28th Sep 2023

EU considers ban on Chinese labour-camp goods

  • Renowned Chinese dissident, Harry Wu, has opened the Laogai Museum in Washington (Photo: dbking)

Under pressure from MEPs, the European Commission has hinted it is prepared to ban the importation of Chinese goods manufactured in forced labour camps.

Speaking during a debate in Strasbourg on Thursday (23 September), a number of euro-deputies claimed products produced in the government-sponsored camps were being sold across the EU to unsuspecting citizens.

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German centre-right MEP Daniel Caspary branded the Chinese products "blood-spattered goods", and called on the commission to put an end to their inflow.

EU enlargement commissioner Stefan Fuele however said that the commission had raised the issue repeatedly in the past and was applying pressure through diplomatic channels.

"The commission fully agrees with the European Parliament that the Laogai [camp] system is completely incompatible with universally accepted concepts of human rights," said Mr Fuele.

He added that it was very difficult to verify which goods were being made in the camps - known as Laogai – of which China is thought to have roughly 500.

The majority of inmates in the labour camps are petty criminals who have been arrested and forced to work under reportedly terrible conditions.

Beijing still uses the camps to house political prisoners however, hidden amongst the drug addicts, street hawkers, prostitutes and pickpockets. Imprisonment is for up to four years.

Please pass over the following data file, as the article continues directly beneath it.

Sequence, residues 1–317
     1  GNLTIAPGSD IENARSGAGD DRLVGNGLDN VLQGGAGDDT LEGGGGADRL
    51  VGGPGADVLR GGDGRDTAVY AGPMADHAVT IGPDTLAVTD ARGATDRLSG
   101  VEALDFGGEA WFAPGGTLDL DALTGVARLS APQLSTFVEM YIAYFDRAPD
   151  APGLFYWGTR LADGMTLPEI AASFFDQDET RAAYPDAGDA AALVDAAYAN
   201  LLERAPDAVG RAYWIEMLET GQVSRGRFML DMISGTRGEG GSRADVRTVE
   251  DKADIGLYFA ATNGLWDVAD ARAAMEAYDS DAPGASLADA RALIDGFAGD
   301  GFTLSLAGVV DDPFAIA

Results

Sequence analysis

With Thursday's debate coming just weeks before an EU-China summit in Brussels, Mr Fuele said that the EU preferred a policy of "positive dialogue" to an outright ban, but hinted that things could change.

"We have to acknowledge that there are limits to this approach which, so far, has not produced any notable change in Chinese policy," he told MEPs.

"The commission is open to considering a horizontal measure banning the import of goods produced using prison labour in violation of fundamental human rights," he added.

Privately, EU officials say WTO rules need to be taken into account but concede that the issue of a potential ban is being examined.

Other countries have already opted for a ban.

"Over the last 10-15 years there have been sufficiently valid concerns that a number of states have adopted strict policies against the goods," Sophie Richardson, Human Rights Watch International's Asian advocacy director, told this website.

One such country is the US, while influential Chinese scholars have themselves occasionally called for a closure of the camps that house roughly 400,000 prisoners according to the China Labour Bulletin, a Hong Kong NGO.

In July, Yu Jianrong, a liberal legal scholar and a key advisor to the Chinese government said China needed to "advance with the times" and close the camps.

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